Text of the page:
Joël Andrianomearisoa, Emmanuel Daydé et Rina Ralay Ranaivo 2019 © Patrice Sour

Madagascar’s Pavilion At Venice Biennale Sheds Light On Forgotten Night

Madagascar’s Pavilion at the 58th La Biennale Di Venezia 2019 presents a dark moment of loneliness, reflection and reasons for the need to build patriotism banking on the memories of lost glories and the suffering of our forbearers.

There are countries whose entrance into a competition or a showcase creates a hubbub of excitement from enthusiasts. For instance, when I was young, watching football meant watching Brazil or Germany. These countries were the powerhouses of the world’s most watched sport. However, it would be the win of France in World Cup football in 1998 that brought in a new era, well for my case and sure most out there. Brazil suffered a humiliating defeat in the hands France and for months names like Zidane, Barthez, and Thierry Henry became our daily moniker while harassing paper made balls, with our feet in my village.  In the Art world, there is always something new from Africa when we talk about biennales. In this year’s Venice Biennale, Ghana has an exceptionally exciting pavilion at the event. Word is that you cannot claim to have attended the 58th world Art Olympics without popping in to see the Ghanaian “Ghana Freedom” curated by Nana Oforiatta Ayim.

I have forgotten the night
Joël Andrianomearisoa. 2019
installation. paper collage and sounds
Variable dimensions
© Patrice Sour

In the 57th Venice Biennale, it would be Nigeria which stole africa’s heart with her exhibition, ‘What About Now’. Like Ghana, Nigeria was having her first pavilion in the fair. Although South Africa too made an impact, it would be Nigeria that received the wows given her entrancing golden voyage in Italy.

Although Ghana’s name is bold in this year’s biennale which opened last Saturday 11th, there is a large yet not so large island nation in the Indian Ocean called Madagascar whose first pavilion speaks to the soul like a dream on a silent uneventful night- a night where very little happens apart from the chirping of crickets and buzzing of cicadas. In this pavilion, Madagascar’s solo act ‘I Have Forgotten the Night’ by Joël Andrianomarisoa “deploys the intangible essence of the invisible, turning around a world of otherness as an iron sun fades into the azure of night; as dark light no longer ushers in the day.” Joel, in love “with the different grounds of three contrasting orchards: cold Europe, India with its pink and blue skies and Africa, a clear, deep spring” (Jean Joseph Rabearivelo), he “endlessly unites their fundamental, component opposites to create elegant, abstract, melancholic forms woven from natural materials devoured by shadow and light.”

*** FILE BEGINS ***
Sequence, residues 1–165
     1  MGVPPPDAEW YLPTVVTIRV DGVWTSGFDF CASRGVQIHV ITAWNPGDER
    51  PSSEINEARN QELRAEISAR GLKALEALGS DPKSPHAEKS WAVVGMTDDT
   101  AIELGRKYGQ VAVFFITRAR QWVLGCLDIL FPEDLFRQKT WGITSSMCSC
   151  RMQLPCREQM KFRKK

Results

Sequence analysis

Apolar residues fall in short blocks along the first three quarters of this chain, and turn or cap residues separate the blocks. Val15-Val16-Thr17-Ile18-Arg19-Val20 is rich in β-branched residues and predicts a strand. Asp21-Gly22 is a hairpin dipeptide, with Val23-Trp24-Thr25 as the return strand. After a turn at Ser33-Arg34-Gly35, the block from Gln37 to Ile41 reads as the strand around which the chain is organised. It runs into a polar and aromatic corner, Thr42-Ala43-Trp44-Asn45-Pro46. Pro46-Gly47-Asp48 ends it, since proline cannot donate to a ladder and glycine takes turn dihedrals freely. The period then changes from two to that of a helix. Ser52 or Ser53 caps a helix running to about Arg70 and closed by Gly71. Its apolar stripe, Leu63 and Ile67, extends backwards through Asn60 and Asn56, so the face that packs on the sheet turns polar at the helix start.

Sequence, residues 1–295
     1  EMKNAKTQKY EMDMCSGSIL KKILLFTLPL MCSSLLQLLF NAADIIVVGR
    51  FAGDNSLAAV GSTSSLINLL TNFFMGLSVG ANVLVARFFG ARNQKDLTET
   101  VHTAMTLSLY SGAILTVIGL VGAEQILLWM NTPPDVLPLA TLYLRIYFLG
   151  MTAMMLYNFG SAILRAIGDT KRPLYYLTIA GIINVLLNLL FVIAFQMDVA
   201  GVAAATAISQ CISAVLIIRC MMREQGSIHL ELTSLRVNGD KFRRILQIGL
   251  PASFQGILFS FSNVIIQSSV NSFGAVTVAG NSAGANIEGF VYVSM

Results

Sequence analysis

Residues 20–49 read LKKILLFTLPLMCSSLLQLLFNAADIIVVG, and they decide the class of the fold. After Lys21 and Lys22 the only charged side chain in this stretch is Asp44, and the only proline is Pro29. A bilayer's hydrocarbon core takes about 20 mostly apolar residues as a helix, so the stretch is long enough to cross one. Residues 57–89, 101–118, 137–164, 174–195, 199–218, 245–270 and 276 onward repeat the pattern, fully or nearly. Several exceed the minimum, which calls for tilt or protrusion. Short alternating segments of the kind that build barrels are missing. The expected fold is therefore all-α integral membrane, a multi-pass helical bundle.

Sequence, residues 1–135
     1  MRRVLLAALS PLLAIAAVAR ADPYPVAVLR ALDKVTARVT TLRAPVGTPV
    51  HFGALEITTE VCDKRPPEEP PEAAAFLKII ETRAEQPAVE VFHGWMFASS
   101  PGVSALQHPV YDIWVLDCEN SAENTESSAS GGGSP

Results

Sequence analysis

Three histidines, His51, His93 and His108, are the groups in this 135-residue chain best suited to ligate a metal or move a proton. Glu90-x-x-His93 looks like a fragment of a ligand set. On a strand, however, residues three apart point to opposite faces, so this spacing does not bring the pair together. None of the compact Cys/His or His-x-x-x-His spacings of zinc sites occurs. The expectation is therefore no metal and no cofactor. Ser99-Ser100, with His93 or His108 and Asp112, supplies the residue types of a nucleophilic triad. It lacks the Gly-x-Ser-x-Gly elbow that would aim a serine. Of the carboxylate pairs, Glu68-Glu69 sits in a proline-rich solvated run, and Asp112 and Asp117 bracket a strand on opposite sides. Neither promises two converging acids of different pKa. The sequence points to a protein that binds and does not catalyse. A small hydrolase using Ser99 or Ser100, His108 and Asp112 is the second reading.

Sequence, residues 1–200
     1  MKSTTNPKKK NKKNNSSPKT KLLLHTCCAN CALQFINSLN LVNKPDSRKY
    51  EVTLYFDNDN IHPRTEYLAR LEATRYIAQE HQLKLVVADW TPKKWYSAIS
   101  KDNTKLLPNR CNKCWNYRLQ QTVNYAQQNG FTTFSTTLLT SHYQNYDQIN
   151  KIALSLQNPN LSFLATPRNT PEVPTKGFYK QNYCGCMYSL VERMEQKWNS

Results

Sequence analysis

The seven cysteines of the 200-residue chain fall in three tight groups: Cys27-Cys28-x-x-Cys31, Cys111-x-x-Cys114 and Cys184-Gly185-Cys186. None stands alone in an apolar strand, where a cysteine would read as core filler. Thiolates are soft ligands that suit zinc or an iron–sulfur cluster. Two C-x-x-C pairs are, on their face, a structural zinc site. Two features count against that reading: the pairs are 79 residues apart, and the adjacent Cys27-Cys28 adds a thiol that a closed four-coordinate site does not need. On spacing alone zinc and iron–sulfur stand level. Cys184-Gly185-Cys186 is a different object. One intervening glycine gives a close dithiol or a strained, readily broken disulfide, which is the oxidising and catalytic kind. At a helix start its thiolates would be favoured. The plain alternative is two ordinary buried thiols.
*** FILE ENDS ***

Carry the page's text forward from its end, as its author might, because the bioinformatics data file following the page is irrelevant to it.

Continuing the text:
Though the journey of ‘I have Forgotten the Night’ begins in Madagascar, the story the installation tells is beyond this Malagasy nation. The exhibition is a “Child of the nights of “Iarivo the dead” (Antananarivo) and un año de amor on the streets of Madrid, a lone dreaming nomad straying from the bars and restaurants of Paris to the sleeping shores of the Bosphorus or the infinite horizons of Cotonou, the artist without frontiers brings a boundless nostalgia to the modernity of the square, breathing the sentimentality of material things.”